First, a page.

Imperva has released its fifth Bot Traffic Report, which looks at trends in bot traffic throughout 2016.
Announced in a press release, it details some startling statistics: In 2016, every third website visitor was an attack bot and 94.2 percent of inspected websites experienced at least one bot attack during the 90 day survey period.
In the study, Imperva analysed over 16.7 billion visits to 100,000 randomly-selected domains on the Imperva Incapsula network.
Giving context and scale to how much of a problem this appears to be, Imperva says that in 2016 “bad bots” accounted for 28.9 percent of internet traffic.
The report touches on impersonator bots: these were the most active bad bots for the fifth year in a row.
Impersonator bots are most commonly used to launch DDoS attacks as they look like legitimate traffic and the most famous ones of today include Nitol, Cyclone and of course Mirai.
The Mirai botnet, which broke many records in terms of the size of attack, had its source code released online. This spawned many copycat attacks on major websites across the internet.
Most recently, investigative security blogger Brian Krebs, whose website was brought to a standstill by the Mirai botnet, released details about his investigation into the identity of the author the Mirai botnet, Anna-Senpai.
Imperva said: “It's telling that this is related to Minecraft as gaming servers continue to be the number one target of DDoS assaults. Gaming servers have been hit by some of the largest and longest attacks on recent record,” party down to the fact that popular servers in the game are making huge sums of money from running servers for the game environment. This brings a certain level of competitiveness to the industry.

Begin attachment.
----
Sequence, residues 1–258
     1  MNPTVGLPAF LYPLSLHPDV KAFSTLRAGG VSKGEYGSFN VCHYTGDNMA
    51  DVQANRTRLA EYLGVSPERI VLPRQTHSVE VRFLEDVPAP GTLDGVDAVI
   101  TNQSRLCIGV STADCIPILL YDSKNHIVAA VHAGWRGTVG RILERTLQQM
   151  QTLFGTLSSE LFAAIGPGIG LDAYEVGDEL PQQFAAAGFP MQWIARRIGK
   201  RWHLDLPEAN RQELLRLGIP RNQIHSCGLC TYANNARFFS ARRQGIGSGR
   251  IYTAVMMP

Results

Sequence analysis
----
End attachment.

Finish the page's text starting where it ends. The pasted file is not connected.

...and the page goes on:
Bots once again became the majority of website visitors (51.8 percent), a trend driven by an increase in good bot activity.
Imperva said: “In 2016 we tracked 504 unique good bots—278 of which were active enough to generate at least 1,000 daily visits to our network. Of these, 57.2 percent displayed an increase in activity, while only 29.4 percent saw their activity decrease year-over-year.”
There are numerous ways in which good bots support the various business and operational goals of their owners—from personal users to large multinationals.On a broader level, however, these can be categorised by the following four groups:
- Feed fetcher – Bots that ferry website content to mobile and web applications, which they then display to users.
- Search engine bots – Bots that collect information for search engine algorithms, which is then used to make ranking decisions.
- Commercial crawlers – Spiders used for authorised data extractions, usually on behalf of digital marketing tools.
- Monitoring bots – Bots that monitor website availability and the proper functioning of various online features.